It’s the standard cry of flacks for the larger and more tarnished parties. Every time a secret dining club with the PM is revealed, every time a millionaire donor turns out to have come by his money through fraud, every time a PM is questioned over cash for peerages, every time a half a million pounds arrives just before policies the donor doesn’t like are dropped.

And of course it’s not true.

Every recent party of government is at it or has been at it or looks like they’ve been at it, but those of us who work for or volunteer for shoe-string operation parties like the Greens get seriously tired of hearing we’re just as bad. Tired as in, in my case, a strong desire to throw the radio out of the window. It suits the corrupted class to swirl their hands in the sewage floating up around their midriffs and pretend that all parties are in just as deep. If all politics is equally corrupt, they imply, why stop voting for us just because we are? No-one else is any better. We’re all in the sewer together.

Seriously, it’s not true.

Sure, Greens have had larger donations in the past, although I can’t remember anything above £20k. Sure, I hoped we’d find a rich donor in good time before the 2011 election to compete with the Soutar warchest and the unions’ money and all the rest. Perhaps we just haven’t had a chance to be corrupted yet. But I don’t think so.

So what can be done about this party funding mess? Leave it as it is and hope the fear of being caught will reduce the likelihood of it being repeated? The evidence is against that. Soutar gave the same amount of money again to the SNP last year despite the 2007 outcry over their abandonment of bus re-regulation, which remains comfortably abandoned. Neither Blair nor any of his associates ever faced trial over cash for honours. The Lib Dems never even gave Brown’s donation back to the people he’d defrauded it from (I regard this as the most egregious on this list, incidentally).

The current wrangle over donations founders on two things. First, parity – will the Tories take enough from Labour through capping union donations or fragmenting them and, conversely, will Labour block enough of the funnel that leads from big business to the Tories?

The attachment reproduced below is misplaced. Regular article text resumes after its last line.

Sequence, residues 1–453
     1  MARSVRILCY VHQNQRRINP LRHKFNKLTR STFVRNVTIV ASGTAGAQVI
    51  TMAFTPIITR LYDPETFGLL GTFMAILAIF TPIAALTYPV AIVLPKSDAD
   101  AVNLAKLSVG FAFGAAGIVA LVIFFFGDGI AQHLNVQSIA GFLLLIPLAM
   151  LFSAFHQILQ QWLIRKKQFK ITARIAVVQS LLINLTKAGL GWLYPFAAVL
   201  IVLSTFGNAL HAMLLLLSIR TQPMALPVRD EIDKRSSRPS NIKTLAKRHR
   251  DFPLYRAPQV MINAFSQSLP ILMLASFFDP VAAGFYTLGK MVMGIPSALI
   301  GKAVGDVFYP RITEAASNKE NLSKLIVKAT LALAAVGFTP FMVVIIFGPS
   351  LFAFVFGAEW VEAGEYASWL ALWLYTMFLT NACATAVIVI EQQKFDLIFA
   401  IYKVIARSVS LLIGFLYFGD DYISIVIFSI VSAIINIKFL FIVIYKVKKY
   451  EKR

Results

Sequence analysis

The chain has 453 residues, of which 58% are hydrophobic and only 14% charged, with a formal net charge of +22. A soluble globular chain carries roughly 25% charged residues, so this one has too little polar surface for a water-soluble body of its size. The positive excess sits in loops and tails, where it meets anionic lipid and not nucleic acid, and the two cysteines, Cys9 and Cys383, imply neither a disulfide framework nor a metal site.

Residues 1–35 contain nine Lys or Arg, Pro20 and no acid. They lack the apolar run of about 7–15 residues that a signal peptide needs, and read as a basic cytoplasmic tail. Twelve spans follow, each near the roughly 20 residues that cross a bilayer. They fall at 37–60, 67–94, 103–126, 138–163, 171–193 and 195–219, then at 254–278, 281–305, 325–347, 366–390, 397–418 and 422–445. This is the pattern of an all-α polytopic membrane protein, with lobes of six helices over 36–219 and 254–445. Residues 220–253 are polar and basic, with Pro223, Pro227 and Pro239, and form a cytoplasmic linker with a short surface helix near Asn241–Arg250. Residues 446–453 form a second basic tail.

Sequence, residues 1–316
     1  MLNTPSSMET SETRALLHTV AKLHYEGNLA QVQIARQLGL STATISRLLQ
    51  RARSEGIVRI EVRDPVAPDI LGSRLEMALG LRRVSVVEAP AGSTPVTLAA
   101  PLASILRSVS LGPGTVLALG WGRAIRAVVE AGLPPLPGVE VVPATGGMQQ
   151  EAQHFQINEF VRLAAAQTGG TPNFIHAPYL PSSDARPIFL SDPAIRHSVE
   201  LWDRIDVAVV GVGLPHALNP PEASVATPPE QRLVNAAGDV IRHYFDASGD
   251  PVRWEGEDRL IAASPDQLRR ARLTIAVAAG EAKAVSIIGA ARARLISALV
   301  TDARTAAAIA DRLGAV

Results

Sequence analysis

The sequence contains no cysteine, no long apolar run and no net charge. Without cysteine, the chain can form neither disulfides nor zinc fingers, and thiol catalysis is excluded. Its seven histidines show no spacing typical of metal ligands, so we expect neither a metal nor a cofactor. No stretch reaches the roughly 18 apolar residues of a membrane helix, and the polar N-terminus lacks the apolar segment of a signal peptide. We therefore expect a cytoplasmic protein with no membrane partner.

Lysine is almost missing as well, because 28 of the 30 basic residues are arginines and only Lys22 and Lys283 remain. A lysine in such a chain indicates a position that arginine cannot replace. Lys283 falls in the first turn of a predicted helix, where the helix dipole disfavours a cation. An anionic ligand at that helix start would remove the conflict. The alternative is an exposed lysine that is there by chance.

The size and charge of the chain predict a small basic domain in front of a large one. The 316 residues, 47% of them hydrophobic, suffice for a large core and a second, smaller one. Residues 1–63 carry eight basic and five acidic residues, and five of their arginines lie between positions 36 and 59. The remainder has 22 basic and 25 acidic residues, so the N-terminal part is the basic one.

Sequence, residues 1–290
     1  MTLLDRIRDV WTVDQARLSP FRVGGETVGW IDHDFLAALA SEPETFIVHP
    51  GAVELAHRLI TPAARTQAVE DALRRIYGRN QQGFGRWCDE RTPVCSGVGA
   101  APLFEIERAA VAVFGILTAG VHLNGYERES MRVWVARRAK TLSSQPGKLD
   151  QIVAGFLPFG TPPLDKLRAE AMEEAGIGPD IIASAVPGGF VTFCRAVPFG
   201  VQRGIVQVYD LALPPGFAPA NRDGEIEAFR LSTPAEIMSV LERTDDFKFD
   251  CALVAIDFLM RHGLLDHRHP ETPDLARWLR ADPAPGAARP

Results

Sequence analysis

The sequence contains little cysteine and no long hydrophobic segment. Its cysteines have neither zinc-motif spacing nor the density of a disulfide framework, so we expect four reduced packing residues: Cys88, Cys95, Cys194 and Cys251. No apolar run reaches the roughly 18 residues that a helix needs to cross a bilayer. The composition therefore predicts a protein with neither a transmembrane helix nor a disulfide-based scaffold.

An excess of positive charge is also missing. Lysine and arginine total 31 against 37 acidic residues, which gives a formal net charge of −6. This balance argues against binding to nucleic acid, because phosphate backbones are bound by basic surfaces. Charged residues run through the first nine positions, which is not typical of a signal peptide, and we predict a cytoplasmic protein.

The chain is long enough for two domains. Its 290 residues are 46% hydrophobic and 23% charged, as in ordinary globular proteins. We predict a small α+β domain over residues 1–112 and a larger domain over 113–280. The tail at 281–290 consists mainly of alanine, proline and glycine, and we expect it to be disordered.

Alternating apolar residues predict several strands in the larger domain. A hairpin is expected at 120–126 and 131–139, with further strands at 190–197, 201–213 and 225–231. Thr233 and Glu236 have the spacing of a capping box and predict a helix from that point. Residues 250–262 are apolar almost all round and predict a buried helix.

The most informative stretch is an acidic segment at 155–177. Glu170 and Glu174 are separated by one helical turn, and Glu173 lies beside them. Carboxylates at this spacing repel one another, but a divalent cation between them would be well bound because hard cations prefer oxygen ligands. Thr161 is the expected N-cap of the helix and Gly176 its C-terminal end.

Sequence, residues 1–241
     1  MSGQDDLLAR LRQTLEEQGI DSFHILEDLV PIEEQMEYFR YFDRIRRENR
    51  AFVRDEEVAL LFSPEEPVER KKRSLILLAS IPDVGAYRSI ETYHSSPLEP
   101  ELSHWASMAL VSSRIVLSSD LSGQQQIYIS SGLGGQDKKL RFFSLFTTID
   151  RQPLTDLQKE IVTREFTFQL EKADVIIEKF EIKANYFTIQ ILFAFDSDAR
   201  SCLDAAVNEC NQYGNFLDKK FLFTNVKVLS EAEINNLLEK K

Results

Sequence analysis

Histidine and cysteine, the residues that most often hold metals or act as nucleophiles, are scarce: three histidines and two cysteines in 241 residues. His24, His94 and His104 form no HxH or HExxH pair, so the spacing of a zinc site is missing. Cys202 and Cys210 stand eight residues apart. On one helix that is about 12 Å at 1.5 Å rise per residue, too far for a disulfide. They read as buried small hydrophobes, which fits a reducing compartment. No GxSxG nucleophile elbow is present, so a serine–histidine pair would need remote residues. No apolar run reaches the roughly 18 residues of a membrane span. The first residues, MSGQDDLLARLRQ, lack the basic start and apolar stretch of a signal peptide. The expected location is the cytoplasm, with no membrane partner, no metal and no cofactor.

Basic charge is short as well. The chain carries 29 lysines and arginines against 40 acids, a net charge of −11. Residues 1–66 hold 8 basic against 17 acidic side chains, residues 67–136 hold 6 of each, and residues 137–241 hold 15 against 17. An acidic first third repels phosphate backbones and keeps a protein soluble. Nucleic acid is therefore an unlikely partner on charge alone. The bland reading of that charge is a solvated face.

The “fairness” battle between Labour and the Tories is an odd one, but pragmatically I accept they both need to be happy with the outcome. Personally I’d ban all collective donations to political parties – corporations and unions (collectively) unbalance politics with large donations and are in that way undemocratic, although unions’ other activities remain vital. So by all means make it easy for individual Labour-supporting trade unionists to give to their party, or indeed trade unionists who support any other party to give as they wish. Similarly, individual shareholders are people too, and if they want to give to the Tories or to any other party, fine, so be it.

Second, what about state funding? The public won’t wear state funding, we’re told, although the return on investment would be substantial if the quid pro quid was a system capable of ending the money-go-round. And the large parties won’t wear living on the small and capped donations of their members. So where else could the money come from for state funding?

Well, here’s a crazy interim idea. Donations. Eh? What? Here’s the idea. Take 50% of every donation to every political party and redistribute it according to the votes cast at the last election (or a rolling average across types of election). A hypothecated tax, if you will. A big donor would know that his or her preferred party will benefit most from their donation, but their donation would also be supporting fair funding for other parties too. Yes, it’s crazy. Other suggestions welcome. We can’t go on like this.